Ahmadis have proudly served in Pakistan’s armed forces and have valiantly fought for their country. But sadly, my father and Mr Butt are not the only Ahmadis who served Pakistan’s armed forces and faced religious discrimination. Most Ahmadis in Pakistan’s armed forces have faced second class treatment. General Akhtar Hussain Malik is a 1965 war hero who launched operation Grand Slam in Kashmir. Although bestowed with Hilal-e-Jurat, the second highest military award, his name never made it to the Pakistan Studies text books. Same year, Major General Abdul Ali Malik led Pakistan’s largest tank battle since World War II. How many kids and adults know his name? Major General Iftekhar Janjua, the highest ranked officer of the Pakistani Army to be killed in action was denied the Nishan-e-Haider, the highest military gallantry award. Captain Mumtaz Anwar of Pakistan Navy gave his life during the 1971 war with India but never received the recognition he deserved. Major Afzal Mehmood sacrificed his life during the Swat operation in 2009. In 2010, 90-year- old Major General Nasir Ahmad Chaudhry died at the hand of religious extremists while he was offering Friday prayers. He was the only Pakistani general to be injured in active war duty during the 1971 war. He fought three wars for Pakistan, but in the end, died at the hand of those very people he protected all his life.
Sadly, this list is endless.
Pakistan’s latest hero, Latif Alam Butt, leaves behind five children to carry on his legacy. One of his four sons is also serving in PAF. One day, soon enough, Pakistan will look back and mourn what it allowed to happen to my father, to Latif Alam Butt, and to all Ahmadis who have given their lives in the service of Pakistan.
Mr Butt may just be another random killing for some, but for Ahmadis, it’s the gradual destruction of the country they’ve given their best heroes to protect.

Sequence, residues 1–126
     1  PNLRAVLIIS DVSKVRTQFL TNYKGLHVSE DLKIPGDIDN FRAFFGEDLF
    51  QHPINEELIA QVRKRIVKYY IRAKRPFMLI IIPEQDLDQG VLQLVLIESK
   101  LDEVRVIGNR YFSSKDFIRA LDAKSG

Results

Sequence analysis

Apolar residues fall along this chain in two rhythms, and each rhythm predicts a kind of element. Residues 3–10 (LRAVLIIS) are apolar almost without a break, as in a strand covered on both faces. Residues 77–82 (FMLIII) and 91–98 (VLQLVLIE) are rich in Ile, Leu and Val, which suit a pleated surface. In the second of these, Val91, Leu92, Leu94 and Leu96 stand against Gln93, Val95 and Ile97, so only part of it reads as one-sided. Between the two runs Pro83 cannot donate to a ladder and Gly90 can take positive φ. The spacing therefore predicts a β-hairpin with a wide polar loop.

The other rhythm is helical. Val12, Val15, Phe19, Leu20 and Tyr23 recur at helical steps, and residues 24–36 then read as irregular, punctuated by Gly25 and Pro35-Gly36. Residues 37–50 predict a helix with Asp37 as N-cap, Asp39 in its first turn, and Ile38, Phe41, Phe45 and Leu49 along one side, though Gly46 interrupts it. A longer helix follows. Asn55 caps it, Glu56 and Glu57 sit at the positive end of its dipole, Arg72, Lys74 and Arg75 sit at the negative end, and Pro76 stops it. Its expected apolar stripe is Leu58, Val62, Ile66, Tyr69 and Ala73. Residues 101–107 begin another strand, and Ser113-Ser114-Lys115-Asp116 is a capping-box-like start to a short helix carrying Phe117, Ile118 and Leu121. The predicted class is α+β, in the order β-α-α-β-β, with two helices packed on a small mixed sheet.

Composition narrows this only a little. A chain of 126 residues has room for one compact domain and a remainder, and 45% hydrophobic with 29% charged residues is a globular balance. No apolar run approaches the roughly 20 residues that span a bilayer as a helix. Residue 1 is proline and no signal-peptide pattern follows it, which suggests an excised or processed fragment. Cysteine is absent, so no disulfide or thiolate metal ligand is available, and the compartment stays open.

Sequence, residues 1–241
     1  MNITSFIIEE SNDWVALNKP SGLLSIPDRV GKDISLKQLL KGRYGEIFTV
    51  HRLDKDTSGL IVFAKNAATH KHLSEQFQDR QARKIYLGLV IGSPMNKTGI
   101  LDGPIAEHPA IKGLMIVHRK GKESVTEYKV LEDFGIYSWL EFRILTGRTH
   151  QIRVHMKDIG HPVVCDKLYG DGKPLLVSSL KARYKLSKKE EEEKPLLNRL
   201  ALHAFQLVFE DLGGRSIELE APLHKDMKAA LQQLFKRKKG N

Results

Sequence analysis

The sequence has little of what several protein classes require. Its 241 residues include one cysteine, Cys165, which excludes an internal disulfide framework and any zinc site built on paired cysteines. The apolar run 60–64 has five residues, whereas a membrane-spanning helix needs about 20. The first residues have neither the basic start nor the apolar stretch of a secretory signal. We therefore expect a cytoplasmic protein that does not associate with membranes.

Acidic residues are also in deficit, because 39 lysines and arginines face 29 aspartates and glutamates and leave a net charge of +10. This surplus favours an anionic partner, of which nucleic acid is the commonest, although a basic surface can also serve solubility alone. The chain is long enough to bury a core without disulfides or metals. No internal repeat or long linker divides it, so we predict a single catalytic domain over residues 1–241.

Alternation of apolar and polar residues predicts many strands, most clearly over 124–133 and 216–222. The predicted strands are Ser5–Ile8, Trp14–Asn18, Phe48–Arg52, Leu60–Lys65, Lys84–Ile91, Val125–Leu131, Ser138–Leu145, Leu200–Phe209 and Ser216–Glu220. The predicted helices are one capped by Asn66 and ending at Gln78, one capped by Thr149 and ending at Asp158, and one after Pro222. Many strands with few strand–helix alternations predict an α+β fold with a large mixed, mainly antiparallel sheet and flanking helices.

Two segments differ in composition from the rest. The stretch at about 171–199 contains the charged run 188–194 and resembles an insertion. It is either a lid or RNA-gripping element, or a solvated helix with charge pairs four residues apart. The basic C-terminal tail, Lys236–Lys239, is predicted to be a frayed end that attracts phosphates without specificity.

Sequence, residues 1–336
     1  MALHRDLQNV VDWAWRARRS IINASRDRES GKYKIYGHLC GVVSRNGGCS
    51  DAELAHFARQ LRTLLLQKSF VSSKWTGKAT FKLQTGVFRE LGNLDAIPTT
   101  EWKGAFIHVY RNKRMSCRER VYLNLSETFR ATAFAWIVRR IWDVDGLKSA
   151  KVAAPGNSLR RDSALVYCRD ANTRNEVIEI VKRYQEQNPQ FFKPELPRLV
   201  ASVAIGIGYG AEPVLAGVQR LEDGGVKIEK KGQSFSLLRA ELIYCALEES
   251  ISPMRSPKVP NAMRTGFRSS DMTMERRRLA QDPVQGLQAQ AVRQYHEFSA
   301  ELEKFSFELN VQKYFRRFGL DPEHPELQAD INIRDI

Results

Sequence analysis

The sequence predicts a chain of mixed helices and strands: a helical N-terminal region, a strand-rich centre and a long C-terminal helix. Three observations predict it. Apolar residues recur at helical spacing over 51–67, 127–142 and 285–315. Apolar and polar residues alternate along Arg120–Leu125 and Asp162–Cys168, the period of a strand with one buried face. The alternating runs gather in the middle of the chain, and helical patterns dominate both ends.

_____________________________________________________________________________________________The famous Ahmadi Generals
The first ever Ahmadi General was General Nazir Ahmad (1947), he was mentioned in the famous list of 199 Ahmadi officers that was presented to the boundary commission in 1947. Colonel Mirza Daud Ahmad was also mentioned in the list, he is a grandson of MGA. After him came General Abdul Ali Malik and General Akhtar Hussain Malik (these 2 are brothers), Zafar Ahmad Chaudhry, Major General Iftikhar Janjua, Major General Ijaz Amjad, Brigadier General Ijaz Ahmad Khan, Brigadier General Waqiuz Zaman, the Lahori-Ahmadi Major General Abdul Saeed Khan, and we are still adding to the list. There were also those were super trusted by the colonist back in 1947, they were Major Malik Habib-ullah (who died at the age of a 100) (from Dhulmial), Captain Nizam ud Din (he was the father of Brigadier General Mohammad Iqbal Khan) and Captain Umar Hayat (father of Commander Yousaf), Major-General Nasir Ahmad Chaudhry is another. In terms of Medical Doctors, Dr. Major Shah Nawaz, Commander Dr. Abdul Latif (ww-2 era) were some of the first. During Zia’s era, Lt-Gen Mahmood-ul-Hassan and his protege Major General Dr. Mahmood ul Hassan Noori who was probably the last Qadiani to make it to the rank of General.
_____________________________________________________________________________________________Famous Ahmadi officer’s who almost made General